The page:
10 Creative Website Design Ideas For Small Businesses In 2020

Small businesses need to stand out. Getting started in any niche is hard when there are already more prominent players; that's why having a website that distinguishes you from the rest is vital. Let's face it, everyone has a website, from your local mom n' pop shop to your mini-influencer.

It's your digital real estate on the internet to help you connect and reach new clients. A website is a cost-efficient marketing tool that focuses on YOU and the content you want to focus on. It will also help people get to know your brand better without you having to exert much effort.

If you don't have a website yet or want to start one, we want to share 10 Creative Website Design Ideas For Small Businesses In 2020. You don't need anything too fancy to get started. It would help if you had a little push in the right direction.


Would you go through a website full of text and slideshow photos or a creative and engaging page that entertains and informs? Audiences love consuming content quickly while being presented with your product and information. Information from SEMRush suggests that website users' attention span last only eight (8) seconds.

Within that period, users can get distracted or click off for several reasons, such as it takes too long for the website to load or it might be hard to navigate. By engaging your audience efficiently with fun illustrations or designs, you can hold their attention longer, and visiting your website won't seem like such a chore.




Everyone is on their phone. You might even be reading this from your phone. A website has to be mobile-friendly to increase your reach and to be accessible everywhere. Your website needs to be able to look good on both the PC and mobile.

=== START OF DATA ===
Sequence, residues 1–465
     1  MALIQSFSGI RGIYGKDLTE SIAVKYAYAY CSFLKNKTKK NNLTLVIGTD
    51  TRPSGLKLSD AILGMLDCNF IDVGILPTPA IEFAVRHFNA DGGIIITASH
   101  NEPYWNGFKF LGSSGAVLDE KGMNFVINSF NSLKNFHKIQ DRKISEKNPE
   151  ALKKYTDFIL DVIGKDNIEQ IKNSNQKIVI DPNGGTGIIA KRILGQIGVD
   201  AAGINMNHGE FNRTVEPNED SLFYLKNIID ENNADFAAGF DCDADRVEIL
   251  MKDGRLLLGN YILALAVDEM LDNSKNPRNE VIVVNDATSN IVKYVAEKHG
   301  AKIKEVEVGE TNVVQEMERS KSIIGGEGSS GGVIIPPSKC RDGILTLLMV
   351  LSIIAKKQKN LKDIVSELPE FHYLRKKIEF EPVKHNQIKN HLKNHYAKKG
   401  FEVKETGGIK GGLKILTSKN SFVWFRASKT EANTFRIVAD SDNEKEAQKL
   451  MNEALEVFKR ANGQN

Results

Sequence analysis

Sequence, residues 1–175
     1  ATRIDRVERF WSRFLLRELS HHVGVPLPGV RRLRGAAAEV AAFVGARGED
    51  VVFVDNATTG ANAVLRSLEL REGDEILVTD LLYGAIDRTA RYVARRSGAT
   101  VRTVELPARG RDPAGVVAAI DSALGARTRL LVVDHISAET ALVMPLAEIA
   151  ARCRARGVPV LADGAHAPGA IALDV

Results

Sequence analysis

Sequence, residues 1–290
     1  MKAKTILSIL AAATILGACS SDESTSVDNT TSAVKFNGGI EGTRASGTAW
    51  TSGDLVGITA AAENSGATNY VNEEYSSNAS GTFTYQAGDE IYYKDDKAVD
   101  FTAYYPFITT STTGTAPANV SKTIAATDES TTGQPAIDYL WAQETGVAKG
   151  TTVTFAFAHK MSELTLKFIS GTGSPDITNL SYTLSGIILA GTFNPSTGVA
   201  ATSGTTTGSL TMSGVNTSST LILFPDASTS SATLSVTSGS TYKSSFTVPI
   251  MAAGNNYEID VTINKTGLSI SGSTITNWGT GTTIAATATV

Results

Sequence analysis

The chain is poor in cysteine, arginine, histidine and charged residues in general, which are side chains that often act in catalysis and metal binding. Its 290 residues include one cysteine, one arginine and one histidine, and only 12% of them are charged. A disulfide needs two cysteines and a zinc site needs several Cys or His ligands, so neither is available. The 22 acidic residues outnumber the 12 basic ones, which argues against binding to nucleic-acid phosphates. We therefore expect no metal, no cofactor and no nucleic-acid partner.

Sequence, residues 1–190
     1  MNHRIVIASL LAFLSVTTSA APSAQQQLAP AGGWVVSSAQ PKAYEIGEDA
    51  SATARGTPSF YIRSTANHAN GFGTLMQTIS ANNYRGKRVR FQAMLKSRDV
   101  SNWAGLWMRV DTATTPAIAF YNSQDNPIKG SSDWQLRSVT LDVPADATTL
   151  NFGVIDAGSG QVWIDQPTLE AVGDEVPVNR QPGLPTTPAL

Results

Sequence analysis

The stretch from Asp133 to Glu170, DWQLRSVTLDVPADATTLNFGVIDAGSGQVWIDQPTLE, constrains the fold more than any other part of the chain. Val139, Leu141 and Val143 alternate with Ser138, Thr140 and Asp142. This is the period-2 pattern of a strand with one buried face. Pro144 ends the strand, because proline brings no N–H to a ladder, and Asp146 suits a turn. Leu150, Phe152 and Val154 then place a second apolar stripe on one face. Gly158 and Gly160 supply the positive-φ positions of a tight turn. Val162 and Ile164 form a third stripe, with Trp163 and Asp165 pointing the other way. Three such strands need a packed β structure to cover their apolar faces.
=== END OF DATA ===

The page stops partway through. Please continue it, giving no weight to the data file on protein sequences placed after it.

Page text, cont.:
Google released a statement back in 2015 that they use mobile-friendly sites as a ranking signal. If you're unsure about making your site mobile-friendly, you can continuously tap a design company that can make this step much easier for you.

In a way, this situation is two-pronged. You need to rank first on search results when customers look for your niche, and your potential clients need a website compatible with their mobile devices.

Phones are here to stay, becoming increasingly ingrained in our lives, from contacting loved ones to online shopping. A profitable business knows that this form of marketing is essential.



The human brain is programmed to understand stories. One example of a website that knows how to sell its product and tell a story is Bagigia.

They sell bags in a way that showcases their best product, then gives you a history of the designer and makes it fun while you scroll down, having a navigation bar that looks like a zipper.

This is an example of what a website that tells a story looks like. You don't have to say an actual once-upon-a-time account; you only have to structure the content into a story-like format.

This will keep readers engaged, making your content easier to digest. You can find more examples of story-telling websites here. The best one would have to be the one by GoSquared, which tells the story of the Olympic games.



Visitors looking at your website want a solution to their problems. Whatever it may be, they're there to see how you can help them, even if the website's content is all about you and your product. That's why utilizing clear and quality content copy is what you should focus on.

Customers want to know the benefits of how you can help them rather than just only learning about your product or service. It's also important to note that some websites try to fit in as much "below the fold" when they should only include "key" features, which doesn't have to be all.

Yes, we know you've got a unique brand or company with all these fantastic features….but the thing is, not everyone will take the time to read it all. For example, Campos Coffee (no relation to the author of this post ) focuses on their product and how their customer would feel if they bought from them.

Tapping into emotions is a critical factor in keeping your audience's attention. In his book, Designing for Emotion, Aaron Walter wrote about how vital the emotional experience is because they have a unique imprint on your long-term memory and how users want to experience a human, not machine, connection on the other end.

Never underestimate the power of critical features and an emotional connection when writing content for your website.



One of the most underrated techniques for getting onto the first page of Google search rankings is video. Having a video lets you get your message out to prospects faster, and it's easier to "digest" than reading blocks of text. A study by Biteable concluded that 6 out of 10 people would rather watch online videos than television.